TWILIGHT Sucks Up Box Office

Everyone else is doing it, so here we are to report on the astounding impact of the vampire romance Twilight on its theatrical opening weekend.
Step onto the Internet right now and you're guaranteed to trip over Twilight.

Twilight Twilight Twilight.

And Robert Pattinson. Pattinson Pattinson Pattinson.

In fact, as I type this, another Twilight-related headline just popped up on my RSS feed.

The film adaptation of Stephenie Meyer's monster best-selling novel hypnotized audiences and got blood running hot this past weekend. Going into Friday, pundits predicted $60 million at best, but the take actually hit an estimated $70.6 mil -- $35 mil on opening day, with $7 mil of that from Friday midnight screenings alone.

It's an astonishing triumph for Summit Entertainment: the studio has been around only since April '07, and Twilight is its sixth feature, with the horror film P2 and comedy Sex Drive previously being its most high-profile output. This development has blood running hot at Paramount Pictures as well, but not in the good way, since someone at the venerable movie house decided in 2006 that Meyer's series was a dud and let the rights go. What a pain in the neck.

More importantly, Twilight has given director Catherine Hardwicke (Thirteen) the biggest ever opening weekend for a female director and, if the film grosses over $187 mil domestically, she'll be the first female live action helmer on the top 100 grossing movies list.

But she appears to be taking it in stride. Even as Summit announced on Saturday (22 Nov) that the film version of Book #2, New Moon, is going forward, Hardwicke had not signed on.

"I want to be sure that it's going to be done right," she said Sunday. "I don't want to rush into it."

Her decision may be helped by the fact that screenwriter Melissa Rosenberg is returning for the follow-up and for its successor, Eclipse. (Amusing tidbit: Rosenberg refused to read beyond Twilight while adapting that book, so she's got some reading to do!) And, of course, it will have the full support of the creator.

"I don't think any other author has had a more positive experience with the makers of her movie adaptation than I have had with Summit Entertainment," gushed Meyer in a statement. "I'm thrilled to have the chance to work with them again on New Moon."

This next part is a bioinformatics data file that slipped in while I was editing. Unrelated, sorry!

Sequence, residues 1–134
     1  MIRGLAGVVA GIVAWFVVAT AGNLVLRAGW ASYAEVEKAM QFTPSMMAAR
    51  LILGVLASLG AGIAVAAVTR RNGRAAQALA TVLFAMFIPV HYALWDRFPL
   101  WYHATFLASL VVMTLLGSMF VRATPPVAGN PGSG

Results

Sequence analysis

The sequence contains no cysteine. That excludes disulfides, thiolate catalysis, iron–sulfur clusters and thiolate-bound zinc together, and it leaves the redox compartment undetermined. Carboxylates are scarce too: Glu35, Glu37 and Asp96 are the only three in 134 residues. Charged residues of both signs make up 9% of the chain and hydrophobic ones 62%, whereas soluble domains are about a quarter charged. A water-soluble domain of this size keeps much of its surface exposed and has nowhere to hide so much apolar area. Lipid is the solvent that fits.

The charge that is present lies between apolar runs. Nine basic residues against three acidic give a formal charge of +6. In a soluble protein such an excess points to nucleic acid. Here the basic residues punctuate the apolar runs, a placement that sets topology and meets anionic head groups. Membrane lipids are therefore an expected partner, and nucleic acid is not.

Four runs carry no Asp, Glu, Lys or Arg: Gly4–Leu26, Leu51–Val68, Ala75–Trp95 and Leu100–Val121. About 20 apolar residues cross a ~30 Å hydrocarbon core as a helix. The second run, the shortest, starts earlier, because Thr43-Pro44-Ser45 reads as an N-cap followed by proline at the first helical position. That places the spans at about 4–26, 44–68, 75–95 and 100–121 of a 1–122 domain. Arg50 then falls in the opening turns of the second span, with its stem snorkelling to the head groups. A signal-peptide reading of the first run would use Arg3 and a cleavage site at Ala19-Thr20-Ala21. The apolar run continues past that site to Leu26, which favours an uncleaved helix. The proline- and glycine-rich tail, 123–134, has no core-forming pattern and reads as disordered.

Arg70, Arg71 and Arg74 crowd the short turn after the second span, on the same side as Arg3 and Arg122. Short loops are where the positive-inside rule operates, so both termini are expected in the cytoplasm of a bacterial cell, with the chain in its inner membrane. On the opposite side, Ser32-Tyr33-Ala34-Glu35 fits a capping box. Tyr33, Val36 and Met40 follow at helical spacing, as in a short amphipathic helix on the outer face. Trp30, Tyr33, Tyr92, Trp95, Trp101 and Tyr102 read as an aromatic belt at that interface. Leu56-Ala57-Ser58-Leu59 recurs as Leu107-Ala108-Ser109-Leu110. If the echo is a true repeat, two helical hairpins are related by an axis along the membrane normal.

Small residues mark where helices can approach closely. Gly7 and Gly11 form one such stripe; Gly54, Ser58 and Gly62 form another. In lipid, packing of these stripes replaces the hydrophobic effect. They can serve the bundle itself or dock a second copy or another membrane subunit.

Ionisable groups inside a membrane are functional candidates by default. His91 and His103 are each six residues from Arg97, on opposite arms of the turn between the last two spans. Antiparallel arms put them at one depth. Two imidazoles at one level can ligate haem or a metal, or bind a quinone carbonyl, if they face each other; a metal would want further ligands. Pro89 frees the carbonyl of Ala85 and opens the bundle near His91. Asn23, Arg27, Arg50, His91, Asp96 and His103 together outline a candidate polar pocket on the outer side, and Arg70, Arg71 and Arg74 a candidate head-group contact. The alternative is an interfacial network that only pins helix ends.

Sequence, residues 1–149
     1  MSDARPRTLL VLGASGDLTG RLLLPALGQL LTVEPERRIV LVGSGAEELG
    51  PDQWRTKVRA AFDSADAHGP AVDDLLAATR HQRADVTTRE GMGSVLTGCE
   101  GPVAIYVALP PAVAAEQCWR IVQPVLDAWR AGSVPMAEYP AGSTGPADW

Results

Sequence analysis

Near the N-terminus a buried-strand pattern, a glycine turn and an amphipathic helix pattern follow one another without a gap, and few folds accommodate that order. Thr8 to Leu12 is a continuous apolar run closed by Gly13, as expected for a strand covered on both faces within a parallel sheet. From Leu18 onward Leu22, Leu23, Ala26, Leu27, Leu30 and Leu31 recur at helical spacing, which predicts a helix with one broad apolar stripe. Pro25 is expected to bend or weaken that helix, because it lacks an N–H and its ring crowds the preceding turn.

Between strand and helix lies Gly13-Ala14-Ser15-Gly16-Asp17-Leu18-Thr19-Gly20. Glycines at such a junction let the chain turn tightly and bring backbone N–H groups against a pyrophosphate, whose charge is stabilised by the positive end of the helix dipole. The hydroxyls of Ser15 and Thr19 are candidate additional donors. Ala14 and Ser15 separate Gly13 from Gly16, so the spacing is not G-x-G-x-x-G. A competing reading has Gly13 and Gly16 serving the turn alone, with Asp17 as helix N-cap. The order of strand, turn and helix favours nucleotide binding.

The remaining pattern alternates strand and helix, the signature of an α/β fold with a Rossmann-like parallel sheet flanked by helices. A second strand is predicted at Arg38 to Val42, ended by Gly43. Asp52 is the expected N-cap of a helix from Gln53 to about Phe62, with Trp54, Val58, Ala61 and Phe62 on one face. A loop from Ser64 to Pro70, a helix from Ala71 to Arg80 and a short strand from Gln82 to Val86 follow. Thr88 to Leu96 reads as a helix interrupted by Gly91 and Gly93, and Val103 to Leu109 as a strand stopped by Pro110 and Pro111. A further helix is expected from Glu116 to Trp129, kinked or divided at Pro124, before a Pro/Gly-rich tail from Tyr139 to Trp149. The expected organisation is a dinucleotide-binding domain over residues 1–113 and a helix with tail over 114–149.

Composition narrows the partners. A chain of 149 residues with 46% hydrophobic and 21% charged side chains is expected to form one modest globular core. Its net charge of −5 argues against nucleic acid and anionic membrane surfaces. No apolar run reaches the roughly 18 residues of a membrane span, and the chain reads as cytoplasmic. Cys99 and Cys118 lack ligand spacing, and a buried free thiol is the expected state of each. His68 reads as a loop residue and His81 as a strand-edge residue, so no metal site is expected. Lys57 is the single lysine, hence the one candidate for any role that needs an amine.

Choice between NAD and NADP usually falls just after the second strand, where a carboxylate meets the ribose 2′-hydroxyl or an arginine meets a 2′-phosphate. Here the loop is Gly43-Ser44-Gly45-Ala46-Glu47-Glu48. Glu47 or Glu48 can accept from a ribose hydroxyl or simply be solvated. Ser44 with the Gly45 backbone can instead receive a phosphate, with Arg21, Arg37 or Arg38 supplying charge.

Also reupping are Pattinson and love interest Kristen Stewart (right), both of whom remembered, in a letter on Satuday, to thank the people most responsible for the film's success: "To all of our wonderful, loyal and fantastic fans - Thank you from the entire cast and crew for your amazing support of Twilight. You've blown away all of our expectations, and we feel so honored to have made a film that means as much to you as it does to us. Without your passion, interaction and support, this film would not be where it is today -- the #1 movie in America! From every city, every stop, every interview we have done, you've made this an unbelievable, nearly surreal experience...and so cool that we were all in this together."

Publisher Little, Brown hopes to benefit from fan enthusiasm as well, and has released two tie-in editions of Twilight in anticipation of a sales surge that was presaged by a recent spike, according to publicist Elizabeth Eulberg.

Whatever happens with readership, the movie phenomenon looks to make nearly everyone involved quite wealthy, and Summit's president of domestic distribution Richie Say proudly pointed out that it all started with a production budget of only $37 million. "It certainly says what we've been saying all along, that we can do more with less."

You certainly can, so long as you have the unbridled support of America's teen girls.

And Robert Pattinson. Pattinson Pattinson Pattinson.

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